Young nobleman Orlando is commanded by Queen Elizabeth I to stay forever young. Miraculously, he does just that. The film follows him as he moves through several centuries of British ... See full summary »
On a trip to Paris Sally meets Pablo, a tango dancer. He starts teaching her to dance then she returns to London to work on some "projects". She visits Buenos Aires and learns more from ... See full summary »
A dramatization, in modern theatrical style, of the life and thought of the Viennese-born, Cambridge-educated philosopher Ludwig Wittgenstein (1889-1951), whose principal interest was the ... See full summary »
Emmy Coer, a computer genius, devises a method of communicating with the past by tapping into undying information waves. She manages to reach the world of Ada Lovelace, founder of the idea ... See full summary »
In this Derek Jarman version of Christopher Marlowe's Elisabethan drama, in modern costumes and settings, Plantagenet king Edward II hands the power-craving nobility the perfect excuse by ... See full summary »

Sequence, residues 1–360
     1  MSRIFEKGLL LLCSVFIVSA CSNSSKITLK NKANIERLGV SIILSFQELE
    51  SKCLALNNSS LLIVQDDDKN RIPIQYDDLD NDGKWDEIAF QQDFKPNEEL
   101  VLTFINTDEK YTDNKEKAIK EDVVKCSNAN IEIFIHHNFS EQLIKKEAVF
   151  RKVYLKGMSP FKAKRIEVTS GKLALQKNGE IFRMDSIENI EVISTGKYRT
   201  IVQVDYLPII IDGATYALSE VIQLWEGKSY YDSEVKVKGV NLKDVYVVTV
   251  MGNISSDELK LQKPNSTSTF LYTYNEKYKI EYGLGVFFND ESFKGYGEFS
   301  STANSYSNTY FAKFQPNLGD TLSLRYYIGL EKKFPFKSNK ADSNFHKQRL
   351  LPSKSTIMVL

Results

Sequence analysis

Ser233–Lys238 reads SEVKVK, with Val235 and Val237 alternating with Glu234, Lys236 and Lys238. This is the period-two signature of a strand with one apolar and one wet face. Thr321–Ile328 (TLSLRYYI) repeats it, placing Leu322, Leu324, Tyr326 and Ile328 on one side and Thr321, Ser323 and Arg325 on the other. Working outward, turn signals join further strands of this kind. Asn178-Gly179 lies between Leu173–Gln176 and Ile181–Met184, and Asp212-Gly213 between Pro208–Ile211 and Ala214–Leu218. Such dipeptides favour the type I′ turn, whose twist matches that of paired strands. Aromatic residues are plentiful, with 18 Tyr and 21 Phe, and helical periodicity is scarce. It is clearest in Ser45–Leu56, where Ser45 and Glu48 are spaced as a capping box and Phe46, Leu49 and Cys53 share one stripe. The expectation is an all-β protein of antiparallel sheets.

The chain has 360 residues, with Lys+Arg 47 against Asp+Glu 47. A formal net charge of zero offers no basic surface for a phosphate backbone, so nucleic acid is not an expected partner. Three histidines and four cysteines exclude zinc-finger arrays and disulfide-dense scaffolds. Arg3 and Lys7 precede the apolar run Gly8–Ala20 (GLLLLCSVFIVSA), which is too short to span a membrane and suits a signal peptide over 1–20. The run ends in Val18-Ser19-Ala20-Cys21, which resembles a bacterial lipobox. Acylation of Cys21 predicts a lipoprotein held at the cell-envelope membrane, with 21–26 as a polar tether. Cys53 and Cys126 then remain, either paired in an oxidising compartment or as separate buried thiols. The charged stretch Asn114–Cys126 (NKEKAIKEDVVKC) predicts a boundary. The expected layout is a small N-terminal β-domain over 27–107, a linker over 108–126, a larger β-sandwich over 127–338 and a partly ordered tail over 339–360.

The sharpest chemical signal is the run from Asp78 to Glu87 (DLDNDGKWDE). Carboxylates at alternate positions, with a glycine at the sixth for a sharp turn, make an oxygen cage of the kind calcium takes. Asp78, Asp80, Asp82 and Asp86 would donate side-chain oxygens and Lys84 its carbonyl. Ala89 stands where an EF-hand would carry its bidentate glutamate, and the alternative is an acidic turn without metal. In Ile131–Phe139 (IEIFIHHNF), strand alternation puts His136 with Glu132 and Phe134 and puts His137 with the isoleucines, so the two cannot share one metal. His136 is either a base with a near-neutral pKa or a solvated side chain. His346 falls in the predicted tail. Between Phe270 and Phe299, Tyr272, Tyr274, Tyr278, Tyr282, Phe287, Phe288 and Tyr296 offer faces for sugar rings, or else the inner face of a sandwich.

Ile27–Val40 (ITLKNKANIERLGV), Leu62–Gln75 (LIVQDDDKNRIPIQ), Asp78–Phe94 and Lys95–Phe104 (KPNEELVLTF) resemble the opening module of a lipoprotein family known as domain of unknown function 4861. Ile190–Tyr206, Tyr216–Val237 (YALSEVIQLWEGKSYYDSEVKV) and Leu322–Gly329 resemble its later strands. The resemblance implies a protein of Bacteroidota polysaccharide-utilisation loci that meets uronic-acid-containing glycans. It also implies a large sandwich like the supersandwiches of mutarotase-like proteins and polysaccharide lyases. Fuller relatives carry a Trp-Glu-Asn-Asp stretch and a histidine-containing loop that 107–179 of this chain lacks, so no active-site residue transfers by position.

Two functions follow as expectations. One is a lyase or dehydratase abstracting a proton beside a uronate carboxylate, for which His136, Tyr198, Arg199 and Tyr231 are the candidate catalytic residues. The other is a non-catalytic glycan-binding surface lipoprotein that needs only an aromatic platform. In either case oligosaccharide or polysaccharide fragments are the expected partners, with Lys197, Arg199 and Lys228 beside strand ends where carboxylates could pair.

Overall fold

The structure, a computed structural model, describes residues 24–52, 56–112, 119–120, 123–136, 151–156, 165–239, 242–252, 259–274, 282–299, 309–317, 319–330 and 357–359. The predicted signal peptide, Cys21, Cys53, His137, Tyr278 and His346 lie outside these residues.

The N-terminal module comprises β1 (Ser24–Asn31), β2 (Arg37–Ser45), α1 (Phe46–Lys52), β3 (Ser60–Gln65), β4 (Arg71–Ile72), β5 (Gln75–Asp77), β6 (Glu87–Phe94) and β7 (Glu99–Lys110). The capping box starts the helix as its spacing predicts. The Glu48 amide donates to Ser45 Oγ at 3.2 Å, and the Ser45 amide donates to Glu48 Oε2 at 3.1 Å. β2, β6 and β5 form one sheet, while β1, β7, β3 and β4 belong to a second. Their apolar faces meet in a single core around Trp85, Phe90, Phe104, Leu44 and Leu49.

A nearly wordless visual narrative intercuts two main stories and a couple of minor ones. A woman, perhaps the Madonna, brings forth her baby to a crowd of intrusive paparazzi; she tries to... See full summary »
In this film, told almost entirely in iambic pentameter, She is a scientist in a loveless marriage to Anthony, a devious politician. He is a Lebanese doctor in self-imposed exile, working ... See full summary »
Anxious to use artificial life to improve the world, Rosetta Stone, a bio-geneticist creates a Recipe for Cyborgs and uses her own DNA in order to breed three Self Replicating Automatons, ... See full summary »
Young nobleman Orlando is commanded by Queen Elizabeth I to stay forever young. Miraculously, he does just that. The film follows him as he moves through several centuries of British history, experiencing a variety of lives and relationships along the way, and even changing sex. Written by
I have been watching films for well over thirty years, but this one in particular has remained my favorite since its release for the simple reason that it consistently makes me weep with joy. Joy being so hard to come by, and a commodity rarely associated with any sort of entertainment medium, I don't need any other reason to love "Orlando." It's clever, charming, thought-provoking, at times achingly ironic, and lavishly beautiful. I have to say also that I love seeing and hearing dear Jimmy Sommerville whom we miss so much. While I tend to be hyper-critical of all films, with "Orlando" I just listen to my gut and it says, "this is perfection."
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